The essay provides a full overview of the alternate fortune of the cult of St Augustine of Canterbury and other missionaries, who hold a distinctive place in Anglo-Saxon hagiography. The essay takes into examination both literary and liturgical witnesses and both pre- and post-Conquest texts, in Latin and the vernacular. The narrative of the mission and of Augustine himself offered by Bede, although inevitably partial, shaped all the successive representations of the saint in the few literary witnesses dating from the Anglo-Saxon period. The Historia ecclesiastica gentis Anglorum will remain the major source also in post-Conquest England and be largely drawn upon by Goscelin. For its part, liturgy has supplied a multifarious and in part overlooked evidence for the cult of Augustine from the eleventh century onwards. Like many other saints’ cults, that of Augustine is indissolubly connected with historical events. It is the Norman Conquest that will finally acknowledge St Augustine’s standing and establish him as the apostle of the English, albeit only temporarily.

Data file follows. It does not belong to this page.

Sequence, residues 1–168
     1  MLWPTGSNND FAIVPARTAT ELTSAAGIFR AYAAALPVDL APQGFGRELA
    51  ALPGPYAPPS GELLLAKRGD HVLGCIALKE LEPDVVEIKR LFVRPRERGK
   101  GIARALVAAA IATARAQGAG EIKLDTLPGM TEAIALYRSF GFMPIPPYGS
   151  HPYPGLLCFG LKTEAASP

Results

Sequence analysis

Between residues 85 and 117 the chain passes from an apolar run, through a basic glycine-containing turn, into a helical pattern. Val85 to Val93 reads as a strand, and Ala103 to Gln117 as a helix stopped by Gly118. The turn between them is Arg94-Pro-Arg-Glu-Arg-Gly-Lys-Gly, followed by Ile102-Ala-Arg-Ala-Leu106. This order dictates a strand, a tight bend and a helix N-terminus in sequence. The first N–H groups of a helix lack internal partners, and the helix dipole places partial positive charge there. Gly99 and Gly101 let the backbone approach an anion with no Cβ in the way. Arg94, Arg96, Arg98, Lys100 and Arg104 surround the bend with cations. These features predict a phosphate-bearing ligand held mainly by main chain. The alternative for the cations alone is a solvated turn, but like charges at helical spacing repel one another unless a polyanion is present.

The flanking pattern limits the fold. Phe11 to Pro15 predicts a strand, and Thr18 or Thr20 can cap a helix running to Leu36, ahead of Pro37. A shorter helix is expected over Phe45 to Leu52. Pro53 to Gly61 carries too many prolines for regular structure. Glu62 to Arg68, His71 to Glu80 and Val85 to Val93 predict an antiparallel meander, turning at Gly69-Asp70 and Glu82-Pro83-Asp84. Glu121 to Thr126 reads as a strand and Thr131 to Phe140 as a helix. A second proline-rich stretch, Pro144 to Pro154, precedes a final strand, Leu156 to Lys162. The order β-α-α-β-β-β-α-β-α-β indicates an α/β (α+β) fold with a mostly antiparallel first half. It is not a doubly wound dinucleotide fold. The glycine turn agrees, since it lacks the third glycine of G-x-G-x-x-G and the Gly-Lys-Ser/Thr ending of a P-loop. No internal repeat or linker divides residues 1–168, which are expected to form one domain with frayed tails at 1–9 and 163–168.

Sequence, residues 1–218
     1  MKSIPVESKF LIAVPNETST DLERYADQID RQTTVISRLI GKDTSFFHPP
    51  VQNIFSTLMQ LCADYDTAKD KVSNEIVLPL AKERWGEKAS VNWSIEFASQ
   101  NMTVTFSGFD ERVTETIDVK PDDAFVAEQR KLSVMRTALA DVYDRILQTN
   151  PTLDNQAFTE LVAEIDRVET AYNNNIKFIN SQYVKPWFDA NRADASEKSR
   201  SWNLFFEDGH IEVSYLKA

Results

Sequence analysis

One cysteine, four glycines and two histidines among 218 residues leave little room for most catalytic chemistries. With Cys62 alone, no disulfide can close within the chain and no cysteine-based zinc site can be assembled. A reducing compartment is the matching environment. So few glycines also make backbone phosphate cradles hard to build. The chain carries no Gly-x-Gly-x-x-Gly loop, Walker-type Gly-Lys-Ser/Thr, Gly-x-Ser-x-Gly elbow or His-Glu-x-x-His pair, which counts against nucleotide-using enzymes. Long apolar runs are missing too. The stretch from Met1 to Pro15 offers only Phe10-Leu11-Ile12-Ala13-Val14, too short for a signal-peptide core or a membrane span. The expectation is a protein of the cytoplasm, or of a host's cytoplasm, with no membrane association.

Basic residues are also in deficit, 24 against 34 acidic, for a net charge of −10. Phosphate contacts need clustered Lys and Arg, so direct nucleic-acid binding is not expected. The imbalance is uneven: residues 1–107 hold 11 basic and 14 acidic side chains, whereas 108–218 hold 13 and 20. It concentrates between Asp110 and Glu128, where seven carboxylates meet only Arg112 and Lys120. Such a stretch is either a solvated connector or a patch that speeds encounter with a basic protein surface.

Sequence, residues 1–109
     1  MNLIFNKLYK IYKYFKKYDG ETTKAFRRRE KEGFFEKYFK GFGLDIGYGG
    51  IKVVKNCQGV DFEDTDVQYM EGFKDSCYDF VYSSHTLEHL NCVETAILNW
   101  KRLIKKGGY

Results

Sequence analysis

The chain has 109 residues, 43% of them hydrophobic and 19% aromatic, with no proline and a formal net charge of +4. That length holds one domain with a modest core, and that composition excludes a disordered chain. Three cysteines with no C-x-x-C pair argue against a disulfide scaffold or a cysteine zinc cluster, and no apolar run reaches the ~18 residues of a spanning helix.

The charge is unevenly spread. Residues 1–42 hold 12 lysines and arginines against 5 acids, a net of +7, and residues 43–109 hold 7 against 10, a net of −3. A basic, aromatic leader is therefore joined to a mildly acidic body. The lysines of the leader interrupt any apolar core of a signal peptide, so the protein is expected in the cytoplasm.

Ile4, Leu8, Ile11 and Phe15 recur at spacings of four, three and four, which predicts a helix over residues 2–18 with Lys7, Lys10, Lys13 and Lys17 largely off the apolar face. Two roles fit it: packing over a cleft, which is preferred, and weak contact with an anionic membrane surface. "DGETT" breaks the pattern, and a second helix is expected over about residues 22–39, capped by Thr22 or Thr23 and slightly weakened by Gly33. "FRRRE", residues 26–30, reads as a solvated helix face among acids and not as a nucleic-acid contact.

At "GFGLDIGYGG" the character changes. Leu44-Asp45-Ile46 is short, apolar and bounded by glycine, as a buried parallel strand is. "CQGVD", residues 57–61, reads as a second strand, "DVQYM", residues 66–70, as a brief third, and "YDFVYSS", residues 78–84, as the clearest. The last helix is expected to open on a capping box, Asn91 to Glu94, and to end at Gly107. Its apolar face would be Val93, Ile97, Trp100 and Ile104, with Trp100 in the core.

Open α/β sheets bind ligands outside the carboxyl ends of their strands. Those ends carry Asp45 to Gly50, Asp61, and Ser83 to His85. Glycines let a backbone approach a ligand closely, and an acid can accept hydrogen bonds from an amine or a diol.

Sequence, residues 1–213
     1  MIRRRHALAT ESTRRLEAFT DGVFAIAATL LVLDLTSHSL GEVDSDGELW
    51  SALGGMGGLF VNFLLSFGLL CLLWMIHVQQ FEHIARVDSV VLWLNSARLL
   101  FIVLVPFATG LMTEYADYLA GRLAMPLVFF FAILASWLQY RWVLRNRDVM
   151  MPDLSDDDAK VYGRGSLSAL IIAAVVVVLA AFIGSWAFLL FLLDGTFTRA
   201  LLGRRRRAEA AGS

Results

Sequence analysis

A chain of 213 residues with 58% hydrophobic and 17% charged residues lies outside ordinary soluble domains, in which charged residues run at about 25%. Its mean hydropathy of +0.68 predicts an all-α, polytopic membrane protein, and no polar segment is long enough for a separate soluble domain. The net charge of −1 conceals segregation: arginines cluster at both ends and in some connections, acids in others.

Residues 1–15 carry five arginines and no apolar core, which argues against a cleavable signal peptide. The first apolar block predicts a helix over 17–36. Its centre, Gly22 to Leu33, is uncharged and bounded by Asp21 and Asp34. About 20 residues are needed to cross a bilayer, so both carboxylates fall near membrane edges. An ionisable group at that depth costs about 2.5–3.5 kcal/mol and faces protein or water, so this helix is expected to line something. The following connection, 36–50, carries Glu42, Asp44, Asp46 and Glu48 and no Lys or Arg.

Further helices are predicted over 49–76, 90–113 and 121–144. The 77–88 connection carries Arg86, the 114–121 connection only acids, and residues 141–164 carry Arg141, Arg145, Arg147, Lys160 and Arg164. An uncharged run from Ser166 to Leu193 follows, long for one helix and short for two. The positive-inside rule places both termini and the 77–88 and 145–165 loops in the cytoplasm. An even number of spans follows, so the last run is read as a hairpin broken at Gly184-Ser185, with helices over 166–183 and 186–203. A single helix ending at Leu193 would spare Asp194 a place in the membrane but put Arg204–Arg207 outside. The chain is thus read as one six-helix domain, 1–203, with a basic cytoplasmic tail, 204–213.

|Title of host publication||Hagiography in Anglo-Saxon England: Adopting and Adapting Saints’ Lives into Old English Prose|
|Number of pages||133|
|Publication status||Published - 2014|
|Name||Textes et Études du Moyen Âge|
Lendinara, P. (2014). 'Forgotten Missionaries: St Augustine of Canterbury in Anglo-Saxon and Post-Conquest England’. In Hagiography in Anglo-Saxon England: Adopting and Adapting Saints’ Lives into Old English Prose (pp. 365-497). (Textes et Études du Moyen Âge).